The lavish series of functions climaxed with Guests being directed to a darkened function room where Sir William, picked out by spotlights, announced, “ladies and Gentlemen, I should like to introduce to you my new car.” The lights would then gradually brighten to reveal a single XJ6 on a raised turntable, surrounded by nine further examples arranged around the room’s perimeter. The reception throughout was rapturous, with dealers and motoring press alike lining up to Continue reading “The Quintessence : (Part Four)”
In 1968, Jaguar put all its saloon car eggs in one decidedly comely basket. We examine the likely causes.
In 1964, a series of factors led Sir William Lyons to take the momentous decision to replace Jaguar’s multiplicity of saloon models with a single car line, betting the entire enterprise upon its success. Retrospectively of course, one could say he needn’t have worried, but at the time, it must have been a deeply anxious moment.
In this second instalment, we examine the XJ6’s technical package.
Sanctioned in 1964, XJ4 was intended to launch in 1967, which seems in hindsight to have been a rather optimistic timescale. The project team would be led by Bob Knight, Jaguar’s senior development engineer and one of the finest conceptual minds of his era. The Browns Lane engineering department at the time was something of a collection of minor fiefdoms, most of whom Continue reading “The Quintessence : (Part Two)”
William Lyons’ masterpiece. In a series of articles, we celebrate an automotive high watermark as it marks its 50th anniversary.
“Without any doubt at all, the XJ6 is my personal favourite. It comes closer to than any other to what I always had in mind as my ideal car.” Sir William Lyons.
One bright spring morning in 1967, two men strode towards a lock-up garage in the grounds of an imposing Victorian stately home, amid the rolling Warwickshire countryside. As the dew shimmered on the immaculately tended lawns and borders of Wappenbury Hall, Sir William Lyons, Chairman, Chief Executive and spiritus rector regarding all matters aesthetic, led his European Sales Director, John Morgan to where Jaguar’s vitally important new car lay sequestered, in seemingly definitive prototype form.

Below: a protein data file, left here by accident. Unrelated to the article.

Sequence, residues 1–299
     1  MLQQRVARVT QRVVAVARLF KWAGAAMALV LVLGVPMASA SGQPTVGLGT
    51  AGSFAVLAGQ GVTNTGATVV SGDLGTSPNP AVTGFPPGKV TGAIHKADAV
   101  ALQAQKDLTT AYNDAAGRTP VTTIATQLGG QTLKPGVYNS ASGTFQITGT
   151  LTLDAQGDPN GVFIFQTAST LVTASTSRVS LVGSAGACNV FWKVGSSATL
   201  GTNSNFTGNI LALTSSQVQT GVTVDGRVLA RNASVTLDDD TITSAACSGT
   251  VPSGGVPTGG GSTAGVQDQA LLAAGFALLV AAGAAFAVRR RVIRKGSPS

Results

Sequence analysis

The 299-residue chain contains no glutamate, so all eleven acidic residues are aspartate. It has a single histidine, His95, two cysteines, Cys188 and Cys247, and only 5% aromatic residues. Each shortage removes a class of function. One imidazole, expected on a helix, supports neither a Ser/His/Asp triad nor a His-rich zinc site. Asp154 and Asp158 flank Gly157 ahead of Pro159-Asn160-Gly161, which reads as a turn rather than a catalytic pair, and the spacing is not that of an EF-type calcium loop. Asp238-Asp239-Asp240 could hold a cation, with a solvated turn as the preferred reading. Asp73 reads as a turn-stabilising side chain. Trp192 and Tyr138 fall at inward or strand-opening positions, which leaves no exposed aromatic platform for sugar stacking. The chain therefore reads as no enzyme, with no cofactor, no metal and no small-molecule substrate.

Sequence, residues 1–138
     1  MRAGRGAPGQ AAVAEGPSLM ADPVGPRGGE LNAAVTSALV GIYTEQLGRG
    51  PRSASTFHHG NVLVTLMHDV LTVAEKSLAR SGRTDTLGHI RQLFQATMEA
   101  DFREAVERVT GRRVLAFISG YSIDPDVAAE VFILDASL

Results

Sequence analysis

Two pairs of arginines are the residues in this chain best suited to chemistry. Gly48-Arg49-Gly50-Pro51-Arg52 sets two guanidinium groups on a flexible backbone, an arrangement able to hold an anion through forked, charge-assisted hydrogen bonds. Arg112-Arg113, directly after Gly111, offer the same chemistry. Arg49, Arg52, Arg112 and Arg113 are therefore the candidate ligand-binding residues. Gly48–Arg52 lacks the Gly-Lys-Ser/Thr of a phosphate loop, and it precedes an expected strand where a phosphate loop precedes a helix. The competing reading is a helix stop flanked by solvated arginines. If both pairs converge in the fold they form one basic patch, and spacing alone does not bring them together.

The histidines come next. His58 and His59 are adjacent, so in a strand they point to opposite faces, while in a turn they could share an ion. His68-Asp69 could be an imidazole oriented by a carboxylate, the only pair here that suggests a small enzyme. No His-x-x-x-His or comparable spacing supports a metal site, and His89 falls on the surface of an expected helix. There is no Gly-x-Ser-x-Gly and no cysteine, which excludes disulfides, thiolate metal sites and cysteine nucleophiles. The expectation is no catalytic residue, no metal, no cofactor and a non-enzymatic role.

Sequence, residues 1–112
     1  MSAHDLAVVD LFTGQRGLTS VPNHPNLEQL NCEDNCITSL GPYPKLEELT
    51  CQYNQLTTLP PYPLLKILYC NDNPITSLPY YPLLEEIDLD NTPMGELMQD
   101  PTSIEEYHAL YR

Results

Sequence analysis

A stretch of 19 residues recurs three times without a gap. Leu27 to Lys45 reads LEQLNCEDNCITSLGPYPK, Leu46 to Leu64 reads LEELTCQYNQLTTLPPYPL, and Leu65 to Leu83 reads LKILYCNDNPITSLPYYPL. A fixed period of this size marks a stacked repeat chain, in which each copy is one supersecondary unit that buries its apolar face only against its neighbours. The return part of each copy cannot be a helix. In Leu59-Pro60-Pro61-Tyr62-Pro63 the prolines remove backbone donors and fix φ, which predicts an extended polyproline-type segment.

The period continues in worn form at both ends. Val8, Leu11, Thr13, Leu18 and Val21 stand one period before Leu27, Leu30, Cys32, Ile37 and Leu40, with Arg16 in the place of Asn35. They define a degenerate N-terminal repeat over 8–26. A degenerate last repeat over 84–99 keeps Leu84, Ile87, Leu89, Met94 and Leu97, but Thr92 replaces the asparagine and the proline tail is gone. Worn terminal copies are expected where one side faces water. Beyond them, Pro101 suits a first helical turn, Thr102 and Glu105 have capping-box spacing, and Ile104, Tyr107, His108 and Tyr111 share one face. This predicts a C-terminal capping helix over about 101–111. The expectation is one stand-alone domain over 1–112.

The early phases of XJ40 development centred around the battles played out to retain Jaguar’s identity. The third phase would be dominated by efforts to remove themselves from BL’s influence entirely. For John Egan, the first eighteen months at Browns Lane proved something of a high wire act. With morale in tatters, and unfinished cars piling up, Egan initially believed that Jaguar’s problems were marketing rather than production based, a notion he was swiftly disabused of.
DTW presents another look back at the archives of motoring writer Archie Vicar. This item appears to be a transcript from “Motorists and Motorism”, August 1975.
What a week and indeed what a summer it has been so far. In May I had a chance to sample Michelin’s tyres at a special “closed track” day at Silverstone. A Mercedes 240D and a Peugeot 504 LD served as test-beds for Michelin’s new all-weather radial tyres. Peugeot have thought to bring these diesel cars over as they have had enough experience selling them on the continent. Also, seems as if they don’t want to Continue reading “Archive: “More T-Junctions, Vicar?””